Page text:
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Image / Style / Fashion

Queens of Archive is the sustainable fashion brand with great dresses you need to know


by Edaein OConnell
07th Apr 2021
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Queens of Archive is a new fashion brand with gorgeous designs and sustainable practices at its core – we meet its founders (and one of them happens to be Irish).

Finding a sustainable fashion brand with sensational designs and attainable prices is like finding gold in today’s world.

So when we came across Queens of Archive, we hit the sartorial jackpot.

Launched last year, Queens of Archive is quickly making a name for itself as a go-to for gorgeous dresses with a bohemian and rock ‘n’ roll feel. Think vintage floral prints, disco mini dresses and flattering shapes. Created by Irish native Sarah Plunkett and Nicola Orme, the brand focuses on sustainability and transparency – two things needed in today’s turbulent fashion world.

We chatted to Sarah and Nicola to find out more about their business, sustainable practices and fabulous clothes.

How did Queens of Archive come about?

Nicola: “Queens of Archive was born Christmas 2019, Sarah and I became friends in London, where we had both built our careers in the fashion industry but had both moved away and decided to meet for drinks. The timing couldn’t have been better as we wanted to try something new. We thought, let’s join forces and start a business. We have some amazing vintage pieces collected over the years and these archive pieces inspire the dress designs and prints.

Sarah: “We are both heavily influenced by 1960s and 1970s fashion and music. As we set to work defining what we wanted the business to be, we were very fortunate to have the same vision. The brand began to take on its own identity. We wanted to embody all the amazing women who have empowered us. We call these women queens and each dress is named after one we adore. Chrissie Hynde, Patti Smith and Marianna Faithfull are just some of these women.”

How would you describe the Queens of Archive woman?

Sarah: “The Queens of Archive woman wants dresses that empower her but make her feel comfortable too. The designs will speak to anyone who appreciates beautiful fabrics and vivid prints.”

Was sustainability always important to you both when it came to the design and business process?

Nicola: “It always felt right to us to ensure our brand would focus on sustainability from the start. We wanted it to be slow, not fast. By limiting production runs for each dress, we minimise waste, helping us work toward our zero waste goals. We carried out a survey asking our mailing list to tell us their dress sizes and the pieces that caught their eye from our future collection. This helped us determine the most popular sizes for production, ensuring limited wastage. A pre-order period for each dress improves this further. Where this isn’t possible, such as production for retail, we’ll still keep to limited runs.”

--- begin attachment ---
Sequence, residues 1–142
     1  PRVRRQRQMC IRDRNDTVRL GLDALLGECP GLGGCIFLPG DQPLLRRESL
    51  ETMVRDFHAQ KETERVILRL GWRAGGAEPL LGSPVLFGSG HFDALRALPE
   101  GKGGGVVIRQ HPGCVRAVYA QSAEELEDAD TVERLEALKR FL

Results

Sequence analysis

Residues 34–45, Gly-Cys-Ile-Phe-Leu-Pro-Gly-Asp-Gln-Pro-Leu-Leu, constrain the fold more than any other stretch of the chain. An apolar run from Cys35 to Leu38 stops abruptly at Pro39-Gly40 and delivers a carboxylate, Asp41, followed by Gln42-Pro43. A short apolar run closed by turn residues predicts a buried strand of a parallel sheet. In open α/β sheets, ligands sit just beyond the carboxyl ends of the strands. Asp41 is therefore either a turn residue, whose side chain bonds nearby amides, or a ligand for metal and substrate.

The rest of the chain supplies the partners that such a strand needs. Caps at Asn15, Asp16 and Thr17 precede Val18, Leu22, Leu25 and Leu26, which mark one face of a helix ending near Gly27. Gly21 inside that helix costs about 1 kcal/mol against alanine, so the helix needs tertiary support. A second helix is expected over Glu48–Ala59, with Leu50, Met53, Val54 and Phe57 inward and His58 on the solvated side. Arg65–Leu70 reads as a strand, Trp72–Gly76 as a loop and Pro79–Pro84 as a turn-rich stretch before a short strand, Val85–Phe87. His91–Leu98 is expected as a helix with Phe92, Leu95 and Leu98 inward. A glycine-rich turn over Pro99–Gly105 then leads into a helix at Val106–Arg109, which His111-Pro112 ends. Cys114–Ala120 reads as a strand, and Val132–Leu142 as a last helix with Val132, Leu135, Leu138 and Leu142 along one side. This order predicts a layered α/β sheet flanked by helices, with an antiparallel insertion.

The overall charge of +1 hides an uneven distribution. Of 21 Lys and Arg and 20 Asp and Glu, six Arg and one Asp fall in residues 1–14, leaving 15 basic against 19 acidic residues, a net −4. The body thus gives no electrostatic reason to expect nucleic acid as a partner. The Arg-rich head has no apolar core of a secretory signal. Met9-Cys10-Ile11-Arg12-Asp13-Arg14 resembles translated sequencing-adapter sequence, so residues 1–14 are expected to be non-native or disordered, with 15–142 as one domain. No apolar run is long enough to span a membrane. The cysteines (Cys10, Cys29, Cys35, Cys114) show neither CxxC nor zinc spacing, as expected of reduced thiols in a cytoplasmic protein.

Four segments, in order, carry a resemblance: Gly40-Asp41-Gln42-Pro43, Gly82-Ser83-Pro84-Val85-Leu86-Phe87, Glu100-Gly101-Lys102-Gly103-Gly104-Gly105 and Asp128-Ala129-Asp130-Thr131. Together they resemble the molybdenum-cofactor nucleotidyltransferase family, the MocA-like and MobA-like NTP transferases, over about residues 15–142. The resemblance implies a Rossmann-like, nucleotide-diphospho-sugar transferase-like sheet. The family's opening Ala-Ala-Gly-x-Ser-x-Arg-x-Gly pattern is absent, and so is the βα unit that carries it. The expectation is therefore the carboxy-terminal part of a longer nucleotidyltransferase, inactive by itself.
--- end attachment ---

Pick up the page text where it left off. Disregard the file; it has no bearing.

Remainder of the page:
Has it been challenging to start a fashion brand in a time where the business arena is quite saturated?

Sarah: “Starting a business is all new to us. It’s been a challenge in certain areas due to the current climate. However, it’s a constant state of learning and making mistakes. We need to stay true to ourselves at all times. What you see is what you get. Our team is small, but our dreams are big. We hope that is what people can see in Queens of Archive. We would love the brand to be a hive of creativity by producing and celebrating all the arts. We’re working on a series called ‘Queens of…’, which will highlight the amazing women who have already worn our dresses and celebrate their unique talents.”

With Covid-19, how did the brand deal with the impact?

Nicola: “We get this question a lot, but to be honest, we launched right in the middle of it. It’s hard to know. We see the impact in the broader fashion industry, but we’ve had no choice but to stick to our guns and push on where possible. We shot our first photoshoot the weekend before lockdown. We were so lucky with the content we created because it helped to build the brand.”

Sarah: “We possibly benefited from the amount of time people spent on their phones. We built a social platform and developed relationships with our followers online. There have been struggles in production, but we just had to be patient and wait until everything was safe for all involved.”

What has been your favourite dress to produce?

Nicola: “For us, our winner has been the Chrissie NYC maxi dress. Nadia Forde, Amy Huberman, and Una Healy have all worn it. The dress has an iconic 1970s shape with clashing print, a peplum waist and ruffles.”

 

 

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A post shared by Una Healy (@unahealy) on

What’s next?

Nicola: “We have had so much love and support online. It’s now a case of realising what’s best for us as a brand and what our next steps will be. We have lots of new designs in the pipeline.”

Sarah: “The response in Ireland has been excellent. We’ve got some exciting news down the line with a fantastic retailer, which we will share with everyone very soon. But right now, we’re going to keep doing what we love and hope people will continue to join us on our journey.”

 

Grace, €213.95

Chrissie NYC, €260.95

 

Françoise Madeleine, €231

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